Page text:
I first went to Alinea in Chicago for my birthday in 2009, and I loved the experience. From each course served to the service and wine selection, although I cannot remember exact details, I do remember being thoroughly impressed with the caliber of food and service. It certainly felt and tasted like what would become the 3-star Michelin gem, when the famed guide finally made its way to Chicago two years later. This last visit however, (meh) maybe not so much. The only reason perhaps to notice a difference is because I had visited Grant Achatz gig many years back, before all the hype and media attention came into play. Since then, those with an attention to detail and high expectations can admit, Alinea seems to be losing a lot of its charm. To begin, you can no longer call in advance to make a reservation. You have to wait around for a lottery of tickets to be released, of which you have no information on the date regarding their release. I originally wanted to come here for my birthday, or Valentine’s Day two days later, but that didn’t happen since, while I was waiting around for tickets to be released, I was travelling the internet-deprived center of Sri Lanka. I didn’t have the time or resources to wait around in front of a computer monitoring the possible release of these tickets. It also infuriated me that when I called to explain the situation, they conveniently suggest I like their Facebook page, and follow them on twitter, since they hold a certain amount of tickets for all days and announce them through these social media a couple of days before a date. Not only is this a ploy to sneakily trap you into offering support and a following for their restaurant, but it also undermines the value of your time versus the kitchen and chef’s time. Um, okay, whatever.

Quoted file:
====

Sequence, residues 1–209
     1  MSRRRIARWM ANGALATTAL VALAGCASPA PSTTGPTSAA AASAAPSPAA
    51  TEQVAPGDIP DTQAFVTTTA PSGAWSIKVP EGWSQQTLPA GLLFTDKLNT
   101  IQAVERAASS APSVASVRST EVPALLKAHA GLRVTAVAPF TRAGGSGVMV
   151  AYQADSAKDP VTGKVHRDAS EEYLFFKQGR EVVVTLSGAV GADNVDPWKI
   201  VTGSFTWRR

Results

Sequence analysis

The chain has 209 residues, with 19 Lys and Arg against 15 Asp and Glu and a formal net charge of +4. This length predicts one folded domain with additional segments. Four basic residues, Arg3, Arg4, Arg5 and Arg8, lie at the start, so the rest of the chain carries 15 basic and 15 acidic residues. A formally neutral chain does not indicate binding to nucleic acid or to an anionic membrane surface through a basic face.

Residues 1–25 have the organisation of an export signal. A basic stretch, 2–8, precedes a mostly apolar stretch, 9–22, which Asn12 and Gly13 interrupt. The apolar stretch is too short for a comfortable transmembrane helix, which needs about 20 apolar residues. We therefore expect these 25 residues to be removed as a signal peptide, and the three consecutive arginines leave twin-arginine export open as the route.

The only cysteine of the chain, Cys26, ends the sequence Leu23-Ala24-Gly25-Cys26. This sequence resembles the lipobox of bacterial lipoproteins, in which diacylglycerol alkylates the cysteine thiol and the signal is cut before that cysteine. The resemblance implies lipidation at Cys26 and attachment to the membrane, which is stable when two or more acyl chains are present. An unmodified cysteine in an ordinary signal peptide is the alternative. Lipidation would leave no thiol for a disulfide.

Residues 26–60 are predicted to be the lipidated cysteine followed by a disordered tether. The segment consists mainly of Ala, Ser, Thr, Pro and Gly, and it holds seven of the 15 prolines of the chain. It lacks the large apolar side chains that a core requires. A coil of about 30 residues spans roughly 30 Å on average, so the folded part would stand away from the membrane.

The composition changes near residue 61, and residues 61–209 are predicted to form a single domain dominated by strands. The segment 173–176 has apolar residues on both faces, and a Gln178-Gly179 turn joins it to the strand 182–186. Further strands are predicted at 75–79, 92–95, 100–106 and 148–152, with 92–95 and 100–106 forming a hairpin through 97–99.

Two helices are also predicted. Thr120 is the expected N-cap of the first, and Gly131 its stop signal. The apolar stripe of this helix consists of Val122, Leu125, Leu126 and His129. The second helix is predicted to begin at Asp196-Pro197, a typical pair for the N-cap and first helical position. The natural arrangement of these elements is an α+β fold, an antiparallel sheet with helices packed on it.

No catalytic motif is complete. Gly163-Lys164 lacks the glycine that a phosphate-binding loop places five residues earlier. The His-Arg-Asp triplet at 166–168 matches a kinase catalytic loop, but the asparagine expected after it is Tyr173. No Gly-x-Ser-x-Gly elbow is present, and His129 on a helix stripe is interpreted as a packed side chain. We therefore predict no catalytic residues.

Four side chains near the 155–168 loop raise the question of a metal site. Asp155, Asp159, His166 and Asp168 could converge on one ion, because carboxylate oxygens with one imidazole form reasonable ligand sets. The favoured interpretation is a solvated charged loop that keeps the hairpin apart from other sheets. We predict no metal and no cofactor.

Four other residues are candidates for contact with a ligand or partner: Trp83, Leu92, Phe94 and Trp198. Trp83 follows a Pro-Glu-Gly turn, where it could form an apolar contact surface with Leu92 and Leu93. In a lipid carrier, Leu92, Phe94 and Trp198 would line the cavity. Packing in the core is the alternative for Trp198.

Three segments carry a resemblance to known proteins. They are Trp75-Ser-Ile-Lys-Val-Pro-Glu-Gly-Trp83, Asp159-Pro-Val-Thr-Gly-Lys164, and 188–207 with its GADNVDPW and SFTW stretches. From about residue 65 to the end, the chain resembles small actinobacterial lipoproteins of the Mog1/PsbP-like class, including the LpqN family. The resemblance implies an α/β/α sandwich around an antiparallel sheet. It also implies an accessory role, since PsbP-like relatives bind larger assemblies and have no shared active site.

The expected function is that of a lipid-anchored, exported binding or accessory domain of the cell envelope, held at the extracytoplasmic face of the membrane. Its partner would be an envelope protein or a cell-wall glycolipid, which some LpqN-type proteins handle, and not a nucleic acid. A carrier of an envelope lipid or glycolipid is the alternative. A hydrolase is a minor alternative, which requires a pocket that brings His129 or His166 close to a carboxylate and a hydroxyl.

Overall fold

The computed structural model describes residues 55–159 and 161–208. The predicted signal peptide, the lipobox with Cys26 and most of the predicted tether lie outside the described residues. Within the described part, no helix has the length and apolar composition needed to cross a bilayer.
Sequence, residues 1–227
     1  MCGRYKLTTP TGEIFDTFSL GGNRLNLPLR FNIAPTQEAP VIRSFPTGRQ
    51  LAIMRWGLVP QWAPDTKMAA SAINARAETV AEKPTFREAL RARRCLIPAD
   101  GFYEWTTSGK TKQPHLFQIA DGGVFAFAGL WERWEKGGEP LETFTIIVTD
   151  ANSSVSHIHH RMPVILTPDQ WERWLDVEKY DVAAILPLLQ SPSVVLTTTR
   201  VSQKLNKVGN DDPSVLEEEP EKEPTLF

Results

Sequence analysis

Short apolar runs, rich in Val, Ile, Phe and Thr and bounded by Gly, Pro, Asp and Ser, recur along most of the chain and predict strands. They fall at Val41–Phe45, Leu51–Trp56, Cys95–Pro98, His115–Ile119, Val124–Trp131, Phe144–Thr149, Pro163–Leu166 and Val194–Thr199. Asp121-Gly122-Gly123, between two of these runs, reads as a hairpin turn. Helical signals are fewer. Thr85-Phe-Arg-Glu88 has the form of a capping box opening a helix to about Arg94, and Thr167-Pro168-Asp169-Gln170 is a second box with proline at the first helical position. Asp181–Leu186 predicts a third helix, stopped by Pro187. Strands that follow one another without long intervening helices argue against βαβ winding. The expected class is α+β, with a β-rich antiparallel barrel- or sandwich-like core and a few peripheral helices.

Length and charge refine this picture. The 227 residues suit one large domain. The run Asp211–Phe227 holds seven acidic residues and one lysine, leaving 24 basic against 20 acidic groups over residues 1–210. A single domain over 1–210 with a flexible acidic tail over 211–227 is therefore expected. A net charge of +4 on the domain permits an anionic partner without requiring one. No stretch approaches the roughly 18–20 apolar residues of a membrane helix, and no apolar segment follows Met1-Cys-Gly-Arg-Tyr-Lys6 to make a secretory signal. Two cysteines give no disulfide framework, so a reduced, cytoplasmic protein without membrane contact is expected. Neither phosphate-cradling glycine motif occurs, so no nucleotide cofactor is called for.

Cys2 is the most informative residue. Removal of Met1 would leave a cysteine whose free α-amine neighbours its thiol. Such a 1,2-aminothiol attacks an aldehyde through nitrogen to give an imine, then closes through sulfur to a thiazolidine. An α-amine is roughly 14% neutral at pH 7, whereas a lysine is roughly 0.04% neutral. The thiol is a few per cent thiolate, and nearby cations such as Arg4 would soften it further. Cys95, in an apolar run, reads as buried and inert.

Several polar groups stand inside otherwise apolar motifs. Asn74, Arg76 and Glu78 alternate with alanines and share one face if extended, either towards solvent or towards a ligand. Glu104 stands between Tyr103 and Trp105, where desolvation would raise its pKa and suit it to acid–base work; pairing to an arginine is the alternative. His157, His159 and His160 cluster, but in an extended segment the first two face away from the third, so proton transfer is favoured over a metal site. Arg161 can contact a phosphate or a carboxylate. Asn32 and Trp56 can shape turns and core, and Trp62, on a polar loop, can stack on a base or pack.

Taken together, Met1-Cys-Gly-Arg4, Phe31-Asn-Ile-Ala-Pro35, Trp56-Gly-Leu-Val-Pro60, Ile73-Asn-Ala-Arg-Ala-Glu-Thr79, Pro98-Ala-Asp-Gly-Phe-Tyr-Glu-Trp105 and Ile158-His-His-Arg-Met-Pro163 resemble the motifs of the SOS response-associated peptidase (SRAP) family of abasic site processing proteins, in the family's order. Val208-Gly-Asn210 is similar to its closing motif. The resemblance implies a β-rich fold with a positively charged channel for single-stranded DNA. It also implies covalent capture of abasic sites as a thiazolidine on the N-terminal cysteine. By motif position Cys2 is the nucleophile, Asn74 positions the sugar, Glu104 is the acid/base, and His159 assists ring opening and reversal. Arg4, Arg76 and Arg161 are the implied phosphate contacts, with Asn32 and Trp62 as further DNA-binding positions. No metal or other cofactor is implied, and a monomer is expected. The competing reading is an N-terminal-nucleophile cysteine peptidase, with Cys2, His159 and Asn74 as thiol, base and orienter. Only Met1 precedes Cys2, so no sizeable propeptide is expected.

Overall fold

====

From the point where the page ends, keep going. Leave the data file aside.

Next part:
Being the blatant consumer that I am, and keen on going back to see what all the fuss was about, I obliged, and finally fit it in one Saturday that I’d be back home in Chicago at 9:30 in the evening on a Saturday. So ticket situation a huge pain in my ass, and the experience that followed further expanded on these mixed feelings. The food, again, blew me away with the innovative presentation, and excellent flavor profiles, not to mention their AMAZING selection of wine pairings. Truly remarkable taste in wines, I must admit. But low and behold caveat number 2. Did I mention that when you book the tickets, you also pay a compulsory 20% service charge? As in, you have no choice in the matter. You pay for the quality of service ahead of time. Okay, now we all remember that guy named Adam Smith whose talk of the invisible hand driving the market in a more or less ‘just’ fashion by virtue of people pursuing their own self interests? Well that doesn’t exist at Alinea. How can you guarantee the quality of service when it’s not incentivized for the servers? Don’t get me wrong, the service was not terrible, but it wasn’t exceptional either. And for a $1,000 meal between two people, it needs to be. The servers were adequate, but at times, not forthcoming about the information on how to eat the food. Also at the end with the dessert, no one came over to explain what we were eating! This beyond annoyed me, as I find it unacceptable that such a big detail should go unnoticed. These two big inconveniences, the ticket situation, and feeling of less than excellent service brings the future of Alinea, in my mind, to question. Will this continue to be one of the best places to eat on planet earth? Weeelllllll- I wouldn’t count on it. It seems to me like the potential is there, but after so much media frenzy and praise, this place may just be resting on its laurels. Sure go to Alinea if you don’t mind playing Russian roulette with your mullah, but be aware of all the work you’ll be putting in on your end. Almost takes a lot of the charm away with the gimmicky ticket situation and forced service charge, a counterfactual for a restaurant at this price point for sure. Last time I checked, you expend that amount of money not just for the quality of a product, but also for the experience as a whole. This experience left a lot to be desired, and almost made it hurt to spend that amount of cash. Some of my personal favorites in Chicago could fair much better, and not leave you wondering if it was all worth it in the end. If you’d like to know what those are, just ask!